Explanation of Nut Flush

Flushes are ranked according to their highest card, then their second highest card and so on. The term nut flush implies we have made the best possible flush. 

Although this will be the Ace-high flush it’s useful to remember that the Ace-high flush is not always the absolute nuts in community card games such as Hold’em and Omaha. If the board is paired it means that stronger hands are possible such as full houses. Even in such circumstances, players may continue to refer to the Ace-high flush as the nut flush despite the fact that it is not technically the stone cold nuts.

In games without community cards such as Stud and Five Card Draw, the term “nut flush” loses some of its meaning. This is because no flush can ever be the nuts; it’s always possible that one of our opponents has made an even stronger hand. Even still, players again may continue to refer to the Ace-high flush as the nut flush. The term should be taken to mean, the strongest possible flush, rather than “the stone cold nuts”.

Example of Nut Flush used in a sentence -> We called villain’s turn raise and made the nut flush on the river.

How to Use Nut Flush as Part of Your Poker Strategy

The Ace-high flush is a strong holding in all poker variants. This is not to say that all Ace-high flushes are equal.

- Ace-high flushes are the best when they are also the stone cold nuts.

- Ace-high flushes are weaker in community card games if the board is paired.

- Ace-high flushes are weaker in variants were flushes are more commonplace (such as Omaha).

- Ace-high flushes are weaker in stud games when our opponents’ boards are highly co-ordinated.

- They are more likely to get paid off in Hold’em when they are formulated using two of our hole-cards rather than just one (better implied odds).

Of course, in situations where our nut flush really is the stone cold nuts (such as in a community card game), we should do everything in our power to get all the stacks in postflop.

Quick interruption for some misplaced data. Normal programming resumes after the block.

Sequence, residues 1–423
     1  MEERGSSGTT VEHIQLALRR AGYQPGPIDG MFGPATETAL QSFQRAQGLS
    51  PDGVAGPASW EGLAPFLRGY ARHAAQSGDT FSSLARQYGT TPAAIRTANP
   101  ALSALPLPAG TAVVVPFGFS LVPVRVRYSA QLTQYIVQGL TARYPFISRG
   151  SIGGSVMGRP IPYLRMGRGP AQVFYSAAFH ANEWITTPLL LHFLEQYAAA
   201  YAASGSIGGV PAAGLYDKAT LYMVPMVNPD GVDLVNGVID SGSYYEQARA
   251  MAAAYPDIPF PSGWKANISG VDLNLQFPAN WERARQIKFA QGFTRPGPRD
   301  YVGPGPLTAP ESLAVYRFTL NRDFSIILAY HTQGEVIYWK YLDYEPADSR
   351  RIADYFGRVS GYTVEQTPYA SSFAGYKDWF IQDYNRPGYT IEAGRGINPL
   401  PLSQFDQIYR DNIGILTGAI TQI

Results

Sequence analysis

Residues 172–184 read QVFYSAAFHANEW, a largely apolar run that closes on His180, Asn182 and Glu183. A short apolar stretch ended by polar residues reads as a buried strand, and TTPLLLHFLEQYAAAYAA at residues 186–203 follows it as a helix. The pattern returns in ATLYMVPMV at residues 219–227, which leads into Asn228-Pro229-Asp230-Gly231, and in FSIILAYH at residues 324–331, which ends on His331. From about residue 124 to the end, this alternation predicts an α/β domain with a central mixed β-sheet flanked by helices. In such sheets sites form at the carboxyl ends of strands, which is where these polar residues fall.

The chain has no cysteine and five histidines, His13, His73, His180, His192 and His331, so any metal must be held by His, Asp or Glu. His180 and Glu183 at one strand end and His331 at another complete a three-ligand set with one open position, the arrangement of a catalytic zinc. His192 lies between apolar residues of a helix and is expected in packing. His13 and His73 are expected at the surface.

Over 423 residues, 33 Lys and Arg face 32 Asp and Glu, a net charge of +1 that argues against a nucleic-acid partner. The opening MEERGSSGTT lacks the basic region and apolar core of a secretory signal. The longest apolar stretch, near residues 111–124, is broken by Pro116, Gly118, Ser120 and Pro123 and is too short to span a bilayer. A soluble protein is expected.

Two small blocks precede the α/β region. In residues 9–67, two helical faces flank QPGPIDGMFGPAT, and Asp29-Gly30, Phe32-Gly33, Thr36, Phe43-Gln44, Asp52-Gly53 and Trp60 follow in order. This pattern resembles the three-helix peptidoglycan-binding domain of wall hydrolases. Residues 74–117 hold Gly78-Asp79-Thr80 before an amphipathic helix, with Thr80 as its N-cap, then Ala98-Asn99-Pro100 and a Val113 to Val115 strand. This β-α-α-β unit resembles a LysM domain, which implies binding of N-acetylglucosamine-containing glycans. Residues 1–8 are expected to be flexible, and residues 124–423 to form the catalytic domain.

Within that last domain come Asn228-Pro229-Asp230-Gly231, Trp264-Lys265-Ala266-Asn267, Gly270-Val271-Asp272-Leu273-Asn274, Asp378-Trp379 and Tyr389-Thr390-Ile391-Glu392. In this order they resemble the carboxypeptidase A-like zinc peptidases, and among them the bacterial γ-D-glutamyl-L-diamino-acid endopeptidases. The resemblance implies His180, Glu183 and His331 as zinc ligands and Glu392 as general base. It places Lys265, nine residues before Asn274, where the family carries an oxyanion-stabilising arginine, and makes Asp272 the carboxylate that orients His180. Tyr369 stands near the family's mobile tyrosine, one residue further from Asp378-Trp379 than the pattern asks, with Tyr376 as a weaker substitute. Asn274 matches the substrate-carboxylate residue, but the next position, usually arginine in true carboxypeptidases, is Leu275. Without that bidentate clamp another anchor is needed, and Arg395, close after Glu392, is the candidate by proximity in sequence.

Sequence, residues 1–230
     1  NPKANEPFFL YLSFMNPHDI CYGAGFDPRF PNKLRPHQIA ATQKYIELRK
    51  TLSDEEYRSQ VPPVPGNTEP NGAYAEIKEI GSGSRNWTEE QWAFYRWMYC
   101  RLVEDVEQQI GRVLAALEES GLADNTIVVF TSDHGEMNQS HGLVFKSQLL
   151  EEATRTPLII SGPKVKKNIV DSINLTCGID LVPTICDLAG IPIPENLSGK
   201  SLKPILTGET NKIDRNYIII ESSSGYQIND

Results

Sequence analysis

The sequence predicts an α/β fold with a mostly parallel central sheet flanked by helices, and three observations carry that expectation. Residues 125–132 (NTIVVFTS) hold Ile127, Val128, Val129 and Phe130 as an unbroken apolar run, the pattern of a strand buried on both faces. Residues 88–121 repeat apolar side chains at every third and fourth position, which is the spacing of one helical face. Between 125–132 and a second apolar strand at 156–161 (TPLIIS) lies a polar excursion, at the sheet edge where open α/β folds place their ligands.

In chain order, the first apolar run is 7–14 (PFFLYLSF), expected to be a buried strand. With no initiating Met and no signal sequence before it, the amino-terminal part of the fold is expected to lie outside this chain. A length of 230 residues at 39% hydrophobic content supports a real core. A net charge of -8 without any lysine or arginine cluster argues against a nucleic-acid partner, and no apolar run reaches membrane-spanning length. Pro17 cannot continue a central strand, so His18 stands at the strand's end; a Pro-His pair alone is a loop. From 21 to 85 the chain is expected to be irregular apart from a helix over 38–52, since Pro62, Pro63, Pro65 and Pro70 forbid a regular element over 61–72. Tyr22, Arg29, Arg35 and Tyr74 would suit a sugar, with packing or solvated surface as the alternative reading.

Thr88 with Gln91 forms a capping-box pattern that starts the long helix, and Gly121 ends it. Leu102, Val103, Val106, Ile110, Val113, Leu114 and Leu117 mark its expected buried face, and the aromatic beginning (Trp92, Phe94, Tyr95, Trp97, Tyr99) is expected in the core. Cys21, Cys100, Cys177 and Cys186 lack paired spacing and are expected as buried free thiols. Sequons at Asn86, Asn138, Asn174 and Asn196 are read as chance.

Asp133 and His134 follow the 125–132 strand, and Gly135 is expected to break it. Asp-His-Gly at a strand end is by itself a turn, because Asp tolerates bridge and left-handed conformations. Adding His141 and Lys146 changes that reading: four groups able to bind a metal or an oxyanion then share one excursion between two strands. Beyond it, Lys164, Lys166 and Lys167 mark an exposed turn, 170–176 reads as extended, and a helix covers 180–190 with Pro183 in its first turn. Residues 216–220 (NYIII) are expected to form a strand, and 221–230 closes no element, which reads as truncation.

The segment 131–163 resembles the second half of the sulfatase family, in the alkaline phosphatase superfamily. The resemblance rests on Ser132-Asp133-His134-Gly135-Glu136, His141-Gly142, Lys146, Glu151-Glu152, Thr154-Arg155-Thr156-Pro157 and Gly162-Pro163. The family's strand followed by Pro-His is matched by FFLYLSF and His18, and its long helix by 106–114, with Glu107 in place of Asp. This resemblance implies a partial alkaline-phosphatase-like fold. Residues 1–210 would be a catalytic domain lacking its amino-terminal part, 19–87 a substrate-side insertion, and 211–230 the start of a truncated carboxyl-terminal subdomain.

Is the ‘Nut’ Flush Always the Nuts in Poker?

The term ‘nut flush’ is often used somewhat loosely to describe the ace high flush. The ace high flush is not the nuts in situations where the board is paired or where the straight flush is possible. It’s therefore possible that a poker player uses the term ‘nut flush’ to describe a flush which is not actually the nuts. 

How Often Does the Nut Flush Draw Hit in Poker?

Going from flop to turn a flush draw will hit 19.1% of the time or one in 5.24. Going from turn to river a flush draw will hit slightly more often at 19.6% or one in 5.1. With one less card in the deck a larger percentage of the deck is now a flush completing card. Going from flop to river a flush draw will hit 35% of the time or one in 2.86.

How Often Do We Flop the Nut Flush in Hold’em?

Assuming we hold a suited Ax preflop we can expect tp flop the nut flush around 0.84% or one in 119. Assuming any suited starting hand our odds of flopping the nut flush decrease to 0.17% or one in 588.

What is the Difference Between the ‘One Card’ Nut Flush and the ‘Two Card’ Nut Flush?

A one card flush is made by just using one of our hole cards in Hold’em along with four from the board. A two card flush is made by using both of our hole cards along with 3 from the board. Two card flushes are stronger because they are more disguised. When holding a one card flush it means there are four flush cards on the board, so it’s not hard for our opponent to work out we might have a flush and potentially avoid paying us off. 

How Often Does the Nut Flush Hold up in Hold’em?

The most likely hand that will outdraw the nut flush is a set. Going from flop to river a set will improve to a full house or quads (and beat a flush) around 34.5% of the time or one in 2.9. Going from turn to river the set will win against the flush around 22.7% of the time or one in 4.4.

See Also 

Flush, Nut flush Draw, Hand Rankings, Stud, Omaha
 

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